Five stories that have North Texas talking: More on the gay marriage ruling; the Meadows Museum is handing out cupcakes; KERA holds a One Crisis Away public forum tonight; and more.
A federal judge ruled Wednesday that Texas’ gay marriage ban is unconstitutional, but he's leaving the ban in place for now. U.S. District Judge Orlando Garcia issued a preliminary injunction on the ban after two gay couples, one from North Texas, challenged a state constitutional amendment and a decade-old law. The state will appeal the ruling, said Greg Abbott, the Texas attorney general. Get caught up on what happened Wednesday – including reaction from one of the two couples. Also, what are the political implications following the ruling? We have reaction from a variety of elected officials and special interest groups. Meanwhile, State Sen. Dan Patrick sent out a note on Twitter about same-sex marriage that he quickly deleted. Learn more about what happened. Finally, Royal Ferguson, dean of the new University of North Texas law school and retired federal district judge, will discuss the ruling on “Think” with Krys Boyd today at 1 p.m. on KERA 90.1 FM. NPR has been covering the ruling, too. So has The Texas Tribune. And The Dallas Morning News.
- After 53 years, Jack Evans will marry his life partner, George Harris, on Saturday. It’s believed to be the first public same-sex wedding in Dallas officiated by a United Methodist minister, The Dallas Morning News reports. Evans is 84; Harris is 80. The minister celebrating the wedding says “love over law” is what matters. While a federal judge on Wednesday overturned Texas’ same-sex marriage ban, he kept the ban in place for now. “So civil unions won’t be legal in time for the Evans and Harris wedding,” The News reports, which explores the couple’s history. They both lost jobs after they were told they’d be blackmail targets. “They said they witnessed police harassment of Dallas gay bars. They buried dozens of friends during the AIDS crisis. They started Dallas’ first gay and lesbian chamber of commerce. And they are co-founders of a historical archive project now housed at the University of North Texas.”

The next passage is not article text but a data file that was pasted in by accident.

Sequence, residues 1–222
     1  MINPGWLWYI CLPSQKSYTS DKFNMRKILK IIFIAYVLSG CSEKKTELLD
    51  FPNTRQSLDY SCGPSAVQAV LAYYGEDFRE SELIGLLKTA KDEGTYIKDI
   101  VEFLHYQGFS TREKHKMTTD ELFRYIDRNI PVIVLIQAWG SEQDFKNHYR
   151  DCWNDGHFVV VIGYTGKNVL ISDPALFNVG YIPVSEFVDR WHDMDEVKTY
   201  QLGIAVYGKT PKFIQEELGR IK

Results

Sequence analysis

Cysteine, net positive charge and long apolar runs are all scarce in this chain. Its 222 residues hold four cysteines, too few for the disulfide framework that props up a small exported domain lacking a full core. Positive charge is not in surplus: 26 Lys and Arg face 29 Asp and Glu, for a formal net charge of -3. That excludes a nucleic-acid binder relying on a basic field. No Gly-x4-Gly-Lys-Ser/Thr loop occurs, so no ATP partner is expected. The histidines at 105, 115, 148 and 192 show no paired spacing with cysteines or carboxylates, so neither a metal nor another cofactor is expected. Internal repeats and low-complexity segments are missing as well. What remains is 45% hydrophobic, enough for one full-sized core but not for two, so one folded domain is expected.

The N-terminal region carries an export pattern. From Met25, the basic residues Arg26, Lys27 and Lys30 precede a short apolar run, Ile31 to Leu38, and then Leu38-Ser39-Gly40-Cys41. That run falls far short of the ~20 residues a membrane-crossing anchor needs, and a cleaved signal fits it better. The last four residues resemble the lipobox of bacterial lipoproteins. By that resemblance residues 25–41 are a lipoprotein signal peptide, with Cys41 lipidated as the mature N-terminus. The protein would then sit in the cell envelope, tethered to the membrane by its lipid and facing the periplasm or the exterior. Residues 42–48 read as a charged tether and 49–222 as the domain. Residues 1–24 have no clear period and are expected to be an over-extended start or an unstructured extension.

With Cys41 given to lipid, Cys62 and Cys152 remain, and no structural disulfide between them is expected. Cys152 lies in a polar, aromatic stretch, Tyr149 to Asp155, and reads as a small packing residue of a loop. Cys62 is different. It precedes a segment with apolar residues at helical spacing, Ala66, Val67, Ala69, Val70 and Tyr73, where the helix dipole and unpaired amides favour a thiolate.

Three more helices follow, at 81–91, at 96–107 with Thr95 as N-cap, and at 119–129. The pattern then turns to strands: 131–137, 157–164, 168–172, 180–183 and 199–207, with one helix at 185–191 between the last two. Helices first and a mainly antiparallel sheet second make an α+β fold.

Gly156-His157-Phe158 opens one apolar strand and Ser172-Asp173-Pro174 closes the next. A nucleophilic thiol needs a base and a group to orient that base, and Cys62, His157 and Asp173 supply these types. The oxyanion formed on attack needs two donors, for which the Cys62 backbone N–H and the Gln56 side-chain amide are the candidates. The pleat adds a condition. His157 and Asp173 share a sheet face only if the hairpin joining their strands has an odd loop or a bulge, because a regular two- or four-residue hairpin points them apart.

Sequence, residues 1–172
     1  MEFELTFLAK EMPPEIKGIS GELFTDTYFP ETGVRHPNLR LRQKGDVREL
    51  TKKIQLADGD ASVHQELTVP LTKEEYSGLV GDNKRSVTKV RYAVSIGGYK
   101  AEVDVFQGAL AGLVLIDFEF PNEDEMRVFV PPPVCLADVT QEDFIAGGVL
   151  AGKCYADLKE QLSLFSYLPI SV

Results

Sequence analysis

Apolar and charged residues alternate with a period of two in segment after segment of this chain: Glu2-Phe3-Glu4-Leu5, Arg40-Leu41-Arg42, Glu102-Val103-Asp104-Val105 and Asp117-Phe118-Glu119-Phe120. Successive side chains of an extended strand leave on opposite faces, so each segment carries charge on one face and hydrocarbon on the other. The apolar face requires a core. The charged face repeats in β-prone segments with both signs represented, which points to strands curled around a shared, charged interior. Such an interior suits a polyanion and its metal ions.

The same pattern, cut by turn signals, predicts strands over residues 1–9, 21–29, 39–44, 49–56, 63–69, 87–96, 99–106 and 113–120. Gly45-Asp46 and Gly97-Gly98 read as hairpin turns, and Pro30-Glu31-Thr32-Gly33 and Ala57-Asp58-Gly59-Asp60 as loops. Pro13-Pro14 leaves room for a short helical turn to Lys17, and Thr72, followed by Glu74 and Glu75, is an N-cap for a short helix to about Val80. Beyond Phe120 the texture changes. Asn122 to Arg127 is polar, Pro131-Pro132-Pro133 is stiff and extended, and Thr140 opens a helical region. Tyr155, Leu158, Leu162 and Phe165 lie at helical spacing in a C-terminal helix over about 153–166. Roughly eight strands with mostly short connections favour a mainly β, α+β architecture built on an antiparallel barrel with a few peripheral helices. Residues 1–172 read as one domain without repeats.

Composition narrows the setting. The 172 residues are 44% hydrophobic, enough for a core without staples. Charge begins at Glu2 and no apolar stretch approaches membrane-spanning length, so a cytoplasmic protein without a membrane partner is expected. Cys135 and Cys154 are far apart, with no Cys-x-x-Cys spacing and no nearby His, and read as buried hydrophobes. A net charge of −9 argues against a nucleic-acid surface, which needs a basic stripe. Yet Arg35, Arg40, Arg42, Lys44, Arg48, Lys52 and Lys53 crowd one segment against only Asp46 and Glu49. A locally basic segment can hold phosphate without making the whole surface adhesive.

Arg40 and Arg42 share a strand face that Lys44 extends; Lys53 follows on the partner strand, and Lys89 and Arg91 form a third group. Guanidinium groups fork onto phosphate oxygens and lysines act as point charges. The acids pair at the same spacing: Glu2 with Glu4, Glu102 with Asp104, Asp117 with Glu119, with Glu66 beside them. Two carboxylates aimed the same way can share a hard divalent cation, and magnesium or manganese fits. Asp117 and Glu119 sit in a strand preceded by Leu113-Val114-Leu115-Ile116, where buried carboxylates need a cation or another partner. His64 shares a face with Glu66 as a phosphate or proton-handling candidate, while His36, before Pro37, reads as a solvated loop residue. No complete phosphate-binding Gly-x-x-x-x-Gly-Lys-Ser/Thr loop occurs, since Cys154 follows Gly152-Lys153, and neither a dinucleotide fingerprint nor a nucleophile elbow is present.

- The Meadows Museum at SMU will give out free mini cupcakes on Thursday to the first 151 people who buy an admission ticket to see the world premiere of the new exhibition Sorolla and America. Thursday marks the 151st birthday of Spanish master artist Joaquín Sorolla. The museum opens at 10 a.m. The Meadows is celebrating Sorolla’s birthday in conjunction with Sorolla and America, which runs through April 19. Dallas is the first stop of a worldwide tour for the exhibition, which will travel to The San Diego Museum of Art and Fundación MAPFRE in Madrid. The Meadows says that Sorolla was the most internationally-known Spanish artist until the arrival of Picasso. Sorolla and America explores for the first time the unique relationship between the U.S. and the artist with more 150 beach scenes, landscapes and portraits.
- Imagine being so close to the financial edge that a single life event could push you and your family over -- a layoff, a health emergency or an educational setback. Thousands of North Texans face these life-changing circumstances every day. KERA has been covering this issue in an ongoing series called One Crisis Away. Tonight at 7 at the Dallas City Performance Hall, KERA will hold a free public forum that explores the issue of asset poverty. A few tickets are still available – register here. KERANews.org will provide a livestream of tonight’s event – tweet your questions @KERANews and use #OneCrisisAway. The program will be taped and aired on KERA-13 in March. Meet the four families that KERA has been following.
- The Fortress of Solitude is a new musical that opens March 7 at the Dallas Theater Center. The center describes it as “a story of 1970s Brooklyn and beyond — of black and white, soul and rap, block parties and blackouts, friendship and betrayal, comic books and 45s. And the story of what would happen if two teenagers obsessed with superheroes believed that maybe, just maybe, they could fly.” Composer and lyricist Michael Friedman, director Daniel Aukin and writer Itamar Moses talked about bringing Jonathan Lethem's novel to the stage at Dallas Theater Center. Catch a sneak peek here: